On April 17, 2018, the First Department issued a decision in Nelux Holdings Intl., N.V. v. Dweck, 2018 NY Slip Op. 02569, holding that a written acknowledgement of a debt by a party’s agent can extend the statute of limitation, explaining:
Defendant borrower established prima facie through the loan agreement and the notes that the loan was due to be paid by May 10, 2004, and that the six-year statute of limitations for a breach of contract claim expired on May 10, 2010. In opposition, plaintiff lender raised an issue of fact as to whether the statute of limitations was extended by a new or continuing contract pursuant to General Obligations Law § 17-101. Plaintiff submitted emails that it had received in 2009 from a law firm seeking to discuss repayment of defendant’s loan. This Court and other Departments of the Appellate Division have recognized that a written acknowledgment of a debt signed by the agent of the party to be charged may be sufficient to invoke the statute. An issue of fact arises from the conflicting evidence in the record as to whether the law firm was acting as defendant’s agent when it sent the emails to plaintiff.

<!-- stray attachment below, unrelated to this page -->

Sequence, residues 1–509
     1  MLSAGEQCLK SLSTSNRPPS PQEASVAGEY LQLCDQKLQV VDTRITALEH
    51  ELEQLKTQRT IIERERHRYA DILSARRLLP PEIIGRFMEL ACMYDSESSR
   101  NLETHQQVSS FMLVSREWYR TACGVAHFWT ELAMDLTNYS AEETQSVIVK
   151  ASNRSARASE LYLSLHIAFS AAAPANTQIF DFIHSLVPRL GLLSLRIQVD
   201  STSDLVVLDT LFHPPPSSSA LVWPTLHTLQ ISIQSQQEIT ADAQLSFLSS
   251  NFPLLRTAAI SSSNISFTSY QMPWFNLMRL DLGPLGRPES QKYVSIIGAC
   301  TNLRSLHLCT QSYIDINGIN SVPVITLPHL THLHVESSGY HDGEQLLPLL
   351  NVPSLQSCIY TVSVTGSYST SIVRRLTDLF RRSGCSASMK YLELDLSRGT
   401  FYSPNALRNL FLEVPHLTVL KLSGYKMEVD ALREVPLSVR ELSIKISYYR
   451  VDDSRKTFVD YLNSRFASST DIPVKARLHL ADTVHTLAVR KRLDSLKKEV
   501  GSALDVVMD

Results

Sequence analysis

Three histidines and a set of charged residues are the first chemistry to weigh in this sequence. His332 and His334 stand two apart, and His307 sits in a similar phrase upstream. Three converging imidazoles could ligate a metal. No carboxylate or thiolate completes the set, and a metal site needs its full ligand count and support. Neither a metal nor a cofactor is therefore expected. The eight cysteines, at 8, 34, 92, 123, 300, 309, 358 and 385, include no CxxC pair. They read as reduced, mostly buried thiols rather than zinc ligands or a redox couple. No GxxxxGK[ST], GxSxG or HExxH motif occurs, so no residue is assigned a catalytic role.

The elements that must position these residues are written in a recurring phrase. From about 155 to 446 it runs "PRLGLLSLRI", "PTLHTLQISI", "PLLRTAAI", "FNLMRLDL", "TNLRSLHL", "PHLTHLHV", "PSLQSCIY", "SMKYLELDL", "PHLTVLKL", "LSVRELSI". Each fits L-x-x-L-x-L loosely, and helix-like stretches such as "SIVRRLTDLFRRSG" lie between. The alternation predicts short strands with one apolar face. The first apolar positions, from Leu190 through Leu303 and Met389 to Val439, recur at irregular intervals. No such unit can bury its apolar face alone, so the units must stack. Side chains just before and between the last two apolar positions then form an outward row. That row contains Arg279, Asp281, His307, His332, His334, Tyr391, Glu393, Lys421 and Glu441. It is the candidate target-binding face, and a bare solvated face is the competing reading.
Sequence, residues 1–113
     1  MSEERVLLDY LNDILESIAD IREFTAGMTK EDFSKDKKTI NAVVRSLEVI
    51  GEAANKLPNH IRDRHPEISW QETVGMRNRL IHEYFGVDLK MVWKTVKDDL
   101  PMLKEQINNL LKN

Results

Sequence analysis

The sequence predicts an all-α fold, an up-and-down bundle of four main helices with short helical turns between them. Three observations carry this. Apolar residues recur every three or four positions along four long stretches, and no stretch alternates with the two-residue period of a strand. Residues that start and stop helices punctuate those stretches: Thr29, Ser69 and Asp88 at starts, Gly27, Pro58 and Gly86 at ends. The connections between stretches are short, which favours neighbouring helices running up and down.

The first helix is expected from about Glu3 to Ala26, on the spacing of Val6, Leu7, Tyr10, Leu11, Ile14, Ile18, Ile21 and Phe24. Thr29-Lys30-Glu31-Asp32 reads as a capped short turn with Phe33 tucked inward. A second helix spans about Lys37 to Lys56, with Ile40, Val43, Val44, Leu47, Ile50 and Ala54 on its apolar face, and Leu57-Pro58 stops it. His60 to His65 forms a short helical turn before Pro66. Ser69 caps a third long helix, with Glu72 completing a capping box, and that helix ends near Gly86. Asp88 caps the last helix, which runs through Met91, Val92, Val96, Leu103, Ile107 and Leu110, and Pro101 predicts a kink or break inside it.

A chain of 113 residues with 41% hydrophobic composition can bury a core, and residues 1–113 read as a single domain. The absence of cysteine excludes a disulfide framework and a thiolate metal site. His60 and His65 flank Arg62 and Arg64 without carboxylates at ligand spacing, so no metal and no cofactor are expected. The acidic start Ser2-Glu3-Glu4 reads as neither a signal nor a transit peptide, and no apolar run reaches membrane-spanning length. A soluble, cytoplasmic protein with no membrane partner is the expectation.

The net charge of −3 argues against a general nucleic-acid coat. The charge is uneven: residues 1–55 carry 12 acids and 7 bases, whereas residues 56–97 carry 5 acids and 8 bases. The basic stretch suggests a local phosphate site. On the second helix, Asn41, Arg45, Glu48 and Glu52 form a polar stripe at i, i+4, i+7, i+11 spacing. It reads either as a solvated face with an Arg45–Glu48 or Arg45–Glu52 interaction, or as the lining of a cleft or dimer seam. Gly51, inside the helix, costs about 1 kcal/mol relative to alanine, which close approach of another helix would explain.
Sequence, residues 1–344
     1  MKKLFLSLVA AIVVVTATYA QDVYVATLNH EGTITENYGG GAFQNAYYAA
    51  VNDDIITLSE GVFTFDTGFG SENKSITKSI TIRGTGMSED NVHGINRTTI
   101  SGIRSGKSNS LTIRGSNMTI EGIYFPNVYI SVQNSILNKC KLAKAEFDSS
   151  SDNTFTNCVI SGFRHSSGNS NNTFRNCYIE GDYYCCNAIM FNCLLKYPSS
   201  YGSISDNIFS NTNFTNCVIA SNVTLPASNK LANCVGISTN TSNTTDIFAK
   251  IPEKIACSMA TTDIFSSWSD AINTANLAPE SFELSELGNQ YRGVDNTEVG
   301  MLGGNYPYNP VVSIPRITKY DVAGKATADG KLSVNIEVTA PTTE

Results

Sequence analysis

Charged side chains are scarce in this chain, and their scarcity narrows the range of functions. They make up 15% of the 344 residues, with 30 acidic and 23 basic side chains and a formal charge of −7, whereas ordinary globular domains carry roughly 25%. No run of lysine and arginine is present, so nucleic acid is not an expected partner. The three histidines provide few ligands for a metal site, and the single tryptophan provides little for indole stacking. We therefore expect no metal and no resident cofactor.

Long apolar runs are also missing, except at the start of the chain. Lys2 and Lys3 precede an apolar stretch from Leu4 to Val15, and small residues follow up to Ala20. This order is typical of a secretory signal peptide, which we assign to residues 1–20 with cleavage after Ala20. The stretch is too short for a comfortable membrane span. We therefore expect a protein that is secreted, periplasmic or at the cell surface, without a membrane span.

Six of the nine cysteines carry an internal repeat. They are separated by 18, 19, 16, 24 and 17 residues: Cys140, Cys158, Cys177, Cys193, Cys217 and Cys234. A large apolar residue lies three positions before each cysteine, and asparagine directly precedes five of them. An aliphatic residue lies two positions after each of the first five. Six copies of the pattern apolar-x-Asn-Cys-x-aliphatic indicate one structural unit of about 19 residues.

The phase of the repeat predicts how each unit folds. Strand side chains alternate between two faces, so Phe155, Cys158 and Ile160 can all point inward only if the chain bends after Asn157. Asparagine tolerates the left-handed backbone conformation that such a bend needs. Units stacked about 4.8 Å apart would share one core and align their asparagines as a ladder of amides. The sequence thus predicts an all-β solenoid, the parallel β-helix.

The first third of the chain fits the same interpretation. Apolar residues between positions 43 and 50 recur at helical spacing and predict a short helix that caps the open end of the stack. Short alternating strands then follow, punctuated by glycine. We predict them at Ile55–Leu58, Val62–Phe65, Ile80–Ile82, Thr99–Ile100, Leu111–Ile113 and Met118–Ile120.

(Internal quotations and citations omitted) (emphasis added).
NOTE: Schlam Stone & Dolan LLP was counsel for the prevailing party in this appeal.
It is not unusual for the statute of limitations to be an issue in complex commercial litigation. Contact Schlam Stone & Dolan partner John Lundin at email@example.com if you or a client have questions regarding whether claims are barred by the statute of limitations.
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